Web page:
Customers often assume that because a cloud provider has a well-known name and big market presence, their data is therefore highly secure. Certainly the likes of AWS, Azure, and IBM spend huge resources on securing data, as does any cloud provider who is in for the long haul.
Because providers spend considerable money on expert staff and security measures, they are often even more secure than many of their customers’ data centers.
However, do not assume. Ask about physical as well as cyber security measures: is their data center certified for both? Do they operate redundant data centers in widely separated regions? How about encrypting data using customer keys?
2. Know your provider’s availability and durability policies
Cloud providers generally report 99.9% uptime or more. Clouds are built with redundant architectures to achieve good data durability. However, what is acceptable for cold storage may be unacceptable for active mission-critical data. The options you choose for your mission-critical ecommerce platform in AWS will be higher priced and stronger than what you pay Azure for their Cold Blob Storage. Know what you are paying for, and why.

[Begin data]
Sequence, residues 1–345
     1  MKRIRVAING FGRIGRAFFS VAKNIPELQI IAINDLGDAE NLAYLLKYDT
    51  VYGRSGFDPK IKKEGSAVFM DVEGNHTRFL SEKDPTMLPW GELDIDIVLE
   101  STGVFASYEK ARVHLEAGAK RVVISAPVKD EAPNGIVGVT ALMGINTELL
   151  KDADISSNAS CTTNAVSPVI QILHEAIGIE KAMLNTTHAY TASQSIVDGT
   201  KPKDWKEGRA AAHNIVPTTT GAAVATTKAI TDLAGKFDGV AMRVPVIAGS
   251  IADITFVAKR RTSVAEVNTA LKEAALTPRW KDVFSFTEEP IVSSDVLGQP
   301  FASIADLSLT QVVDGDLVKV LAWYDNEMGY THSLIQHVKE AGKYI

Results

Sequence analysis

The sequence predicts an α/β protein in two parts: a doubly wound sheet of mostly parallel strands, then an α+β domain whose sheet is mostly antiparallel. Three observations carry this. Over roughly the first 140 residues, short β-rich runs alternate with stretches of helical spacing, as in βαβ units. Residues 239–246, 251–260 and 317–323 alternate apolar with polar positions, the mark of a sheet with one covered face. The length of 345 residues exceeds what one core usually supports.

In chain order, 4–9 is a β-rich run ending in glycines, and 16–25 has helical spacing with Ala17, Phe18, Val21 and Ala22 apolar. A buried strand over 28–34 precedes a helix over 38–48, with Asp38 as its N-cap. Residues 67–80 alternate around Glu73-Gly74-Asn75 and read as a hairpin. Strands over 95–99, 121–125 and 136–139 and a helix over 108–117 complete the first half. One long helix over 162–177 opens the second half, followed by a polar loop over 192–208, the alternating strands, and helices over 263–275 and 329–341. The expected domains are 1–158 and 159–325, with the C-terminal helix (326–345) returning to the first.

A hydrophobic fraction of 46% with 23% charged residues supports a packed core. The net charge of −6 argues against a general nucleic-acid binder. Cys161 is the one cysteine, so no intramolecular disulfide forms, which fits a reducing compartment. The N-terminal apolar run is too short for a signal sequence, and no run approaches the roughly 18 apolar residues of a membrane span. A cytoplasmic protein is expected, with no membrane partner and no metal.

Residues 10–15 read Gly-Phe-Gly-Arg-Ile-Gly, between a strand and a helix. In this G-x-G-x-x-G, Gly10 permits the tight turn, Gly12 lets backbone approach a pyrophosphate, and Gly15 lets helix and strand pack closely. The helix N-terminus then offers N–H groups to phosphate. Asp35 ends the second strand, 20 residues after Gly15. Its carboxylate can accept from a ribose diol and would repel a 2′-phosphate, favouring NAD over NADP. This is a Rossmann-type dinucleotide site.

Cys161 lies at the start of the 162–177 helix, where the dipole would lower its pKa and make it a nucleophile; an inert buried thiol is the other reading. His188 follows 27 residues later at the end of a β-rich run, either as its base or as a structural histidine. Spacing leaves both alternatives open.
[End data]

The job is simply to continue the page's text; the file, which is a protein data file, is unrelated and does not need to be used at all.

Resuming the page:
Also be aware that even the best cloud businesses may manipulate their numbers to prove a point. Google, for example, declared that in 2016, they had the best uptime record compared to AWS and Azure. Microsoft in turn declared that since it has a lot more regions than Google, the true number would not be an overall uptime but uptime average per region.
3. Check your bandwidth
How fast can you transfer your data? Cloud providers heavily invest in high performance platforms for compute operations, less so for cool or cold storage. But they have little control over customer bandwidth, leaving it to their clients to know if their WAN can achieve performance and security levels for data-in-flight.
Depending on the types of workloads you are moving, your software may or may not contain native WAN acceleration features. Backup software commonly provides software-based acceleration, but software can only do so much for narrow bandwidth. Match your bandwidth to your SLAs, and if you need to buy bigger bandwidth.
4. Review Management Tools
Different customers need different levels of self-service management. DIY management isn’t necessarily the cheaper or better option, but may be a necessity for compliance or corporate governance requirements.
Most providers offer management software, and support third-party management software. Understand your available options for management tools and technical support. Also be aware of how much training or extra staff you might need to effectively use self-management tools.